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Concerns that Means Test Would Limit a Debtors Eligibility for Bankruptcy Relief have Turned Out to Be Exaggerated According to Latest ABI Poll

Contact: John Hartgen
             703-894-5935
             jhartgen@abiworld.org

CONCERNS THAT MEANS TEST WOULD LIMIT A DEBTOR’S ELIGIBILITY FOR BANKRUPTCY RELIEF HAVE TURNED OUT TO BE EXAGGERATED, ACCORDING TO LATEST ABI POLL

July 12, 2010, Alexandria, Va. — Concerns that the means test created by the Bankruptcy Abuse Prevention and Consumer Protection Act of 2005 (BAPCPA) would limit a debtor’s eligibility for bankruptcy relief have turned out to be exaggerated, according to a majority (53 percent) in ABI’s latest Quick Poll. Thirty-one percent “agreed strongly” and 22 percent “somewhat agreed” that after four years of utilizing means testing in consumer bankruptcy cases under BAPCPA, concerns that the means test would limit a debtor’s eligibility for relief have largely turned out to be unfounded.

Implemented more than four years ago by BAPCPA, the means test is used by the courts to determine a debtor’s eligibility for filing for chapter 7 or chapter 13 bankruptcy. To apply the means test, courts look at the debtor's average income for the six months prior to filing and compare it to the median income of an individual for that state. The means test factors in the debtor’s gross income and deducts secured and priority debt payments, as well as living-expense allowances. If after completing the means test the debtor has sufficient disposable income to make payments into a chapter 13 reorganization plan, the debtor is not eligible to file for chapter 7 liquidation. Prior to BAPCPA’s passage into law, consumer advocates were concerned that means test would limit a debtor’s eligibility for bankruptcy relief.

Forty percent of respondents, however, thought that the concerns that the means test would limit a debtor’s eligibility for bankruptcy relief are still warranted. Twenty-nine percent “disagreed strongly” and 11 percent “somewhat disagreed” that concerns were exaggerated that the means test would inhibit a debtor’s eligibility for bankruptcy relief. Five percent did not know or had no opinion on the issue.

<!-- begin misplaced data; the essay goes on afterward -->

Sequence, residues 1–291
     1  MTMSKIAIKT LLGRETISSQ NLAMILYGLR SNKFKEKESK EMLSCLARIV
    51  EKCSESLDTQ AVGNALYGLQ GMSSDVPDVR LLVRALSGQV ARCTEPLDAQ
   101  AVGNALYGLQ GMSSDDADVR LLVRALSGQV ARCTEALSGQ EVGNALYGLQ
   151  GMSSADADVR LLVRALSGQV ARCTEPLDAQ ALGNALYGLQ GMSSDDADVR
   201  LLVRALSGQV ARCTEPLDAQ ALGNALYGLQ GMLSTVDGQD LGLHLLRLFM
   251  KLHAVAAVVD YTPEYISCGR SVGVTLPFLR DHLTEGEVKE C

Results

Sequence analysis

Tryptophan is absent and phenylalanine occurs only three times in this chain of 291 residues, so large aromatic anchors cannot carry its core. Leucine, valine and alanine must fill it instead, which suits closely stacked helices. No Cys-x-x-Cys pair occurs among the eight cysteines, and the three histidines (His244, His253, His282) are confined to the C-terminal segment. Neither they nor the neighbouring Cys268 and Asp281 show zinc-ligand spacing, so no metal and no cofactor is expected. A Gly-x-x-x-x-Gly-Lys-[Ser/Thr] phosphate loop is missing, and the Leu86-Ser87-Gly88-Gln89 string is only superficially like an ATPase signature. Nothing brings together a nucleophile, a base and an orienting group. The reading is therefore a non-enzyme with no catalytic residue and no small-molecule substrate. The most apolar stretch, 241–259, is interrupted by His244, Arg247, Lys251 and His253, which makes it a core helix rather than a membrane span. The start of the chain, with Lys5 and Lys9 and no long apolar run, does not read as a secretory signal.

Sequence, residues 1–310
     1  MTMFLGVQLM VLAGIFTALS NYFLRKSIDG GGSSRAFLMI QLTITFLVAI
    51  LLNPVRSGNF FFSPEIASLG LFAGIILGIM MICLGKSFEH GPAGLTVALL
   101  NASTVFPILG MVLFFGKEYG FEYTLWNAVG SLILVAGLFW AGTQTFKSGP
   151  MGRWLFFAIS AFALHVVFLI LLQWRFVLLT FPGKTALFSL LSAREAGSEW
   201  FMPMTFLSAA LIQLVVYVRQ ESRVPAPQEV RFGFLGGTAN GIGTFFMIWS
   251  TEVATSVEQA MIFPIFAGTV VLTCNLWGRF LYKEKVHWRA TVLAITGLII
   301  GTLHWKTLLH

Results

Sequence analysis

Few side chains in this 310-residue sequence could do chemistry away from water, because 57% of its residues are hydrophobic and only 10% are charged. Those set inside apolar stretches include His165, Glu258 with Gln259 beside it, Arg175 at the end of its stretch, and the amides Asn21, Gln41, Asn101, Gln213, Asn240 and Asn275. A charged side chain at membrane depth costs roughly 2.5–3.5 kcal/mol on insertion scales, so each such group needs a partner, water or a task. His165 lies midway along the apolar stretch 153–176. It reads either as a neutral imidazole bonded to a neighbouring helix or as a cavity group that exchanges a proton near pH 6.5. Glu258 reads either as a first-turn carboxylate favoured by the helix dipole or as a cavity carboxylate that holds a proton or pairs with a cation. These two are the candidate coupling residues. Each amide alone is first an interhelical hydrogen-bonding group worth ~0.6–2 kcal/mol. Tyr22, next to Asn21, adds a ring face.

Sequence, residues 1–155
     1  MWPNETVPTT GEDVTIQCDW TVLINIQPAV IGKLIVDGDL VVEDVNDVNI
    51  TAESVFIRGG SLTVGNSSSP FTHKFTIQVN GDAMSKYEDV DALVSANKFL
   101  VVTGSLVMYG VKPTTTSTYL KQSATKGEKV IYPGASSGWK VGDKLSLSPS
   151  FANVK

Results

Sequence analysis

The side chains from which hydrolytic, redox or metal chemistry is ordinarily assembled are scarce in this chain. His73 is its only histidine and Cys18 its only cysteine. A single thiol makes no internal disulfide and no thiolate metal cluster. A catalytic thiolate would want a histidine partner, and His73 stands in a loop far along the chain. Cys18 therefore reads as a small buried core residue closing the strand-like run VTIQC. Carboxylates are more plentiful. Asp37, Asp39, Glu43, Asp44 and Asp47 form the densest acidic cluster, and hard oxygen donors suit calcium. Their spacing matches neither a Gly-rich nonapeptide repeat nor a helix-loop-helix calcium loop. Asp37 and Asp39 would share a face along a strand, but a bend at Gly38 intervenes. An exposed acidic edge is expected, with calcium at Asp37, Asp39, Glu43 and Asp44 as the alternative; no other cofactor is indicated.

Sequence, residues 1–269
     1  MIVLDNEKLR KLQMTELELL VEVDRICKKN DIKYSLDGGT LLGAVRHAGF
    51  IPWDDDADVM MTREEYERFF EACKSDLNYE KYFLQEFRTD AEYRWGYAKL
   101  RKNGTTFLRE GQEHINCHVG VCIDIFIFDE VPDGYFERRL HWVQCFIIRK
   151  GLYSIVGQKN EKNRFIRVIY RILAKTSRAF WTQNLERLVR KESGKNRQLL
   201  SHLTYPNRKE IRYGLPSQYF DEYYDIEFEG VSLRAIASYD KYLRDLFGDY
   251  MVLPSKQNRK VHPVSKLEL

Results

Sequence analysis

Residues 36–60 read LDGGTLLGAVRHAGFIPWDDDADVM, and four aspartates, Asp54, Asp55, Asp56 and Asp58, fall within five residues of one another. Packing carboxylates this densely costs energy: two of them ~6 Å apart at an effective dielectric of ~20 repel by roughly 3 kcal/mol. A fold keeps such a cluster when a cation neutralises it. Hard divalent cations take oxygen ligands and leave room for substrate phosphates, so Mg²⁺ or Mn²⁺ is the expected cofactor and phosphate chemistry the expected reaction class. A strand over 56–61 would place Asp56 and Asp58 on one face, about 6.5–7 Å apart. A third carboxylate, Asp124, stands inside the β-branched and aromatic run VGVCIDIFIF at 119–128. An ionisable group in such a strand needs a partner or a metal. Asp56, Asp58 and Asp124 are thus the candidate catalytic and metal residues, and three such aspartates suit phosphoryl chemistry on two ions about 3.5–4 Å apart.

ABI members and members of the public were welcome to submit their response to the statement: “After four years of experience, concerns that the means test would limit a debtor’s eligibility for relief have turned out to be exaggerated.”

ABI’s Quick Poll is posted on ABI’s home page, www.abiworld.org. ABI members and the public are invited to respond to a question on a timely bankruptcy or insolvency issue. Visit http://www.abiworld.net/quickpoll/ to access the results of previous ABI Quick Polls.

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ABI is the largest multi-disciplinary, nonpartisan organization dedicated to research and education on matters related to insolvency. ABI was founded in 1982 to provide Congress and the public with unbiased analysis of bankruptcy issues. The ABI membership includes more than 12,600 attorneys, accountants, bankers, judges, professors, lenders, turnaround specialists and other bankruptcy professionals, providing a forum for the exchange of ideas and information. For additional information on ABI, visit www.abiworld.org. For additional conference information, visit http://www.abiworld.org/conferences.html.